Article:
Tourmaline on Lepidolite with Quartz

Tourmaline
Complex Borosilicates, (Na,Ca)(Mg,Fe2+,Fe3+,Al,Li)3-Al6 (BO3)3Si6O18(OH)4
Crystal System: Hexagonal
Hardness: 7.0
Density: 3.0-3.3

Tourmaline is represented by a group of minerals having complex compositions which are generally represented by the above formula. Elbaite, schorl, buergerite, dravite, uvite and liddicoatite are members of the tourmaline group. The most common member is the black, iron-bearing schorl.

Tourmaline is a mineral of widespread occurrence and is found in granite pegmatites, pneumatolytic veins and granites. It also occurs as a product of metasomatism involving boron.

Tourmaline occurs as transparent to translucent elongated, prismatic crystals in aggregates of parallel or radiating crystals. The two ends of a single crystal are sometimes terminated differently. Enormous crystals have been found. Tourmaline occurs less frequently as stubby prismatic crystals or compact masses. It often exhibits a vitreous luster and is remarkably variable in color, ranging from colorless to blue, pink, yellowish green, green, brown, bluish black, and black. Some crystals are pink at one end and green or black at the other. These different zones of color are due to the time the material has taken to crystallize, with different tinctural agents effecting the crystal at different times during the formative process.

The individual colors are due to the presence of one or more of the following elements acting as chromophores: chrome, copper, iron, manganese, titanium and vanadium. Copper produces blues, chrome and vanadium produce greens, manganese produces pinks and reds, titanium produces browns, while iron in various oxidation states can play a role in producing greens, blues and reds in various tourmaline species. Mixing of these chromophores can produce other colors, such as yellow-green produced by titanium mixed with manganese and low iron.

Lepidolite
Potassium Lithium Aluminum Silicate Fluoride Hydroxide, K(Li,Al)3(Si,Al)4O10(F,OH)2

Lepidolite is a member of the mica group. It is a typical constituent of lithium-bearing granite pegmatites and is associated with spodumene and amblygonite.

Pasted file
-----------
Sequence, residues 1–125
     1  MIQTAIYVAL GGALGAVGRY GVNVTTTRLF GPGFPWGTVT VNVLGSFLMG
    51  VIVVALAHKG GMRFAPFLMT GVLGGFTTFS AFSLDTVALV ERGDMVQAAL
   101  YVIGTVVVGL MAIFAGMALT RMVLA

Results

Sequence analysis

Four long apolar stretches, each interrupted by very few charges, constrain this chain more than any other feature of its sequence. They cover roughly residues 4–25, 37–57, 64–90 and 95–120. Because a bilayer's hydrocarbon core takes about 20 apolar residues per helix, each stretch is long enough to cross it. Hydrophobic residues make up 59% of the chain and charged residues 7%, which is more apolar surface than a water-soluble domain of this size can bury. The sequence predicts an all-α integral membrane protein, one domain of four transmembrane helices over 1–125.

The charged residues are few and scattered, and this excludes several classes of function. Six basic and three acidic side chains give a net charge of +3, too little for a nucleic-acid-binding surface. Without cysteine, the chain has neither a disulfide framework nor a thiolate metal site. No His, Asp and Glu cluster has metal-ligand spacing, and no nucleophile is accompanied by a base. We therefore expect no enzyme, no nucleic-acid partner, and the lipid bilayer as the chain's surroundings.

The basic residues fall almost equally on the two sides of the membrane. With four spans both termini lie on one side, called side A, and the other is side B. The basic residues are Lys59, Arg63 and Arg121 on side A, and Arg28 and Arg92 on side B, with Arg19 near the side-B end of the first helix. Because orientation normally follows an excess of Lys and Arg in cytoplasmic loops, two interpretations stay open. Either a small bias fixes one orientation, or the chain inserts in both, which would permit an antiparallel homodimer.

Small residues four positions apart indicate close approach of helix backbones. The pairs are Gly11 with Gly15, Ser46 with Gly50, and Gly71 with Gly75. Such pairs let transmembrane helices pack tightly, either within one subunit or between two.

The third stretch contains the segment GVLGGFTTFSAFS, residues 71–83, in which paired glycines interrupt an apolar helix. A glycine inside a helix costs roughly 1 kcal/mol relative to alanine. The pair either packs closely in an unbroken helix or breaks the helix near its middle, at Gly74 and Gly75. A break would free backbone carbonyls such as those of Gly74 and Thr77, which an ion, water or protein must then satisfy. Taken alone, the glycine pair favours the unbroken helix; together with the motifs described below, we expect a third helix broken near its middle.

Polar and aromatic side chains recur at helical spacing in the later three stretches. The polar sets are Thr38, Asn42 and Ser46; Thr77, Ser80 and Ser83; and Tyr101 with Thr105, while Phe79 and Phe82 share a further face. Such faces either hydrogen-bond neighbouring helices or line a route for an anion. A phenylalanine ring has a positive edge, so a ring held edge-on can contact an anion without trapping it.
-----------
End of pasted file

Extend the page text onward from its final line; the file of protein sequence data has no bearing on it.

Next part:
Quartz
Silicon Dioxide, SiO2
Crystal System: Hexagonal
Hardness: 7.0
Density: 2.65

Quartz is by far the most abundant of the polymorphic forms of silica and the most widespread and abundant mineral, making up 12% of the earth's crust by volume. It occurs in igneous, metamorphic and sedimentary rocks as well as hydrothermal veins, metasomatic and hot spring deposits. Quartz crystals are found as a common gangue material in veins of many minerals and in cavities in granite porphyries and pegmatites.

Quartz is transparent and colorless when pure, and such clear material is known as rock crystal. When impurities are present in the crystals, a very wide range of colors is exhibited by quartz, which include purple (amethyst), white (milk quartz), pink (rose quartz), yellow (citrine), and brown to black (smoky quartz). Included materials such as hedenbergite, rutile, tourmaline, or zoizite can cause quartz to appear green, blue, red or yellow. Impurities and inclusions cause quartz crystals to vary from transparent to opaque.

Quartz is also extremely variable in form, and may occur as well formed, elongated, hexagonal, prismatic, and sometimes enormous crystals; in compact and concretionary masses; and in microcrystalline and cryptocrystalline forms.

The faces of prismatic crystals may exhibit horizontal striations with randomly corroded edges. Prismatic crystals are often terminated by two rhombohedra of opposite polarity. Quartz crystals are often twinned, with dauphine twins being the most common twinned form, followed by Brazil and Japan Law twins in occurrence. Scepter crystals, where a new quartz crystal forms over and caps a previously formed prismatic crystal, are rarer. Quartz crystals are rotary polar and occur as left or right handed crystals, as determined by the spiral structure of linked silicon-oxygen tetrahedra in the crystal. Bubbles of gas or liquid are often present and evident at the microscopic and macroscopic levels in quartz crystals.

Chalcedony is a microcrystalline variety of quartz that is of interest to may rockhounds who do lapidary work. Most chalcedony occurs as precipitates of silica bearing solutions and forms in cavity linings, veins and precipitated masses in a variety of rocks. Chalcedony also occurs as a dehydration product of opal. Types of chalcedony include banded agate, moss agate, jasper, onyx, carnelian, chrysoprase, chert, flint, heliotrope (blood stone), plasma and sard.

Quartz is a very important industrial material and many useful applications exist for it. It's piezoelectric properties are widely used in electronics as pressure sensors an oscillators. Quartz is the raw material used in the manufacture of silicon carbide, a widely used industrial abrasive. Quartz also finds many applications in optics. Quartz crystals have the ability to rotate the plane of polarization of light and it's transparency finds applications in heat lamps, prisms, lenses and optical windows and flats.

Stuart provides the following remarks:

"This is one of my favorite Tourmaline localities, the Jonas Mine. It produced what is commonly today known as Rubellite Tourmalines. This refers to the rich deep cranberry red color which is virtually unmatched by any other locality. This mine produced the largest gem quality rubellites ever found. The largest being aptly named 'The Rocket' which stands over 5 feet tall and has been valued in the many millions of dollars."


Rocks from Stuart Wilensky's Collection

Index of Specimen Images

Table of Contents

bkeller@rockhounds.com 8/8/95